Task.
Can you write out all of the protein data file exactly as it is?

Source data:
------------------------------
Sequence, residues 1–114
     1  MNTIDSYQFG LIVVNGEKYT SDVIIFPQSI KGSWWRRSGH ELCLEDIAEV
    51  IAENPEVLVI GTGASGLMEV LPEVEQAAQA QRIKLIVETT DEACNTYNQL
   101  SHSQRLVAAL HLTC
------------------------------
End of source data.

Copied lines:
Sequence, residues 1–114
     1  MNTIDSYQFG LIVVNGEKYT SDVIIFPQSI KGSWWRRSGH ELCLEDIAEV
    51  IAENPEVLVI GTGASGLMEV LPEVEQAAQA QRIKLIVETT DEACNTYNQL
   101  SHSQRLVAAL HLTC